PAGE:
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New issue 483: Volume Rendering Rotation Issues https://bitbucket.org/yt_analysis/yt/issue/483/volume-rendering-rotation-iss...
Hi, The camera.rotate functionality is not working properly. I've attached a script and the resulting renderings for a test that in order (1) takes a snapshot, (2) rotates the camera by 1/2 pi and takes a snapshot, and (3) rotates the camera by 3/2 pi and takes a snapshot. I *think* that subsequent rotations are meant to add onto the previous rotation, rather than inducing a rotation relative to the initial camera setup. Therefore, the series of steps described above should produce snapshots with rotations of 0, pi/2, and 2pi relative to the initial snapshot. However, this is clearly not the case from inspection of the output renderings. The 0 rotation and 2pi rotation do not match up like they should.
I repeated this test for the assumption that the rotations are made relative to the original camera object orientation, rather than relative to the previous rotation. This also produced incorrect results.
I'd also like to address the issue of documentation regarding the volume rendering tools. In my recent experience playing around with the various camera routines, I've found that the documentation often suffers from a lack of and/or ambiguous description. For instance, as mentioned above, it was unclear to me how sequential rotations are performed. Does the next rotation build off the last rotation or is each rotation made relative to the initial camera object?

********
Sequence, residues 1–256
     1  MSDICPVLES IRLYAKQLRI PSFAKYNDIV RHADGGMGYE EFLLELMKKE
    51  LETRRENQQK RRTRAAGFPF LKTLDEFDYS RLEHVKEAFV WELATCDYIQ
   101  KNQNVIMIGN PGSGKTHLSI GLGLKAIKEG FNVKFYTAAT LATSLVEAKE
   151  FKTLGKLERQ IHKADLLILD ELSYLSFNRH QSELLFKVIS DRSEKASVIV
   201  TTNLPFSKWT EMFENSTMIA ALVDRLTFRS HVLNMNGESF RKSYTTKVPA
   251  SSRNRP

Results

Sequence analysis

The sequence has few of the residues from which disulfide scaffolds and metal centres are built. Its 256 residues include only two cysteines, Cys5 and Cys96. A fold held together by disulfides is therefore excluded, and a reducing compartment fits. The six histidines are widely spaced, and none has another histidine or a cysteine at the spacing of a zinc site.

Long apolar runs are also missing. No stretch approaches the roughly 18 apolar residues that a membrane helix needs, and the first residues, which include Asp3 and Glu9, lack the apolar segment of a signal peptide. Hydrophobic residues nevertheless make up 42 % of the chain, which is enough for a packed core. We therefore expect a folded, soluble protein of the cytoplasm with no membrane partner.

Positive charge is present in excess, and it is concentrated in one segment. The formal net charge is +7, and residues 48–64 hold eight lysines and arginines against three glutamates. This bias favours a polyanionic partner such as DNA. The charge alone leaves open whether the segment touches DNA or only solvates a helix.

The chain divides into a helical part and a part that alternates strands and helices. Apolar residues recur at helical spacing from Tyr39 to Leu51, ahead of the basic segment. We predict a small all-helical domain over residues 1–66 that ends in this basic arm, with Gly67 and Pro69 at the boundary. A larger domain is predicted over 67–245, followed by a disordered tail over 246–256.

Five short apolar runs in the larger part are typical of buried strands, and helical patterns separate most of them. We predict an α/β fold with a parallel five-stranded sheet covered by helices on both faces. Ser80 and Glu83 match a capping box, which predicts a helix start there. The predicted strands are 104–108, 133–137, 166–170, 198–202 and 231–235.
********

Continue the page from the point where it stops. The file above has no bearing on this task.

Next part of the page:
The most confusing notation issue I've come across thus far is how the center point, looking vector, north vector, (and rotation vector) work together to produce a volume rendering. Being confused on this front results in a lot of random guessing about how these all operate together. My current understanding is as follows:
The center point defines the coordinate origin from which looking vectors, north vectors, and rotation vectors point radially away from. The north vector effectively defines the coordinate system to be used. If left alone, the camera will pick a north vector, which is perhaps not what the user is expecting. The looking vector is drawn from the origin (defined by the center point) with respect to the coordinate system (defined by the north vector). So, it seems to me that specifying a looking vector without knowing the north vector is equivalent to choosing an arbitrary looking vector (because you have no idea what the coordinate system is yet). Now, if one explicitly chooses the center point, north vector, and looking vector, the result is sensible (so that's good news). I think users would hugely benefit from a schematic vector illustration of what is going on here and they should be told upfront that the coordinate system is not pre-defined when they choose a looking vector, which often causes confusing viewing angles. Additionally, as described above, the rotation angle does not seem to work as advertised, which adds to the confusion of how one is supposed to go about producing a rendering with specific and deliberate camera motions. An example that does some semi-complex and intentional camera movements (including rotations and changing one's looking vector) would be very helpful.
Thanks! - greg
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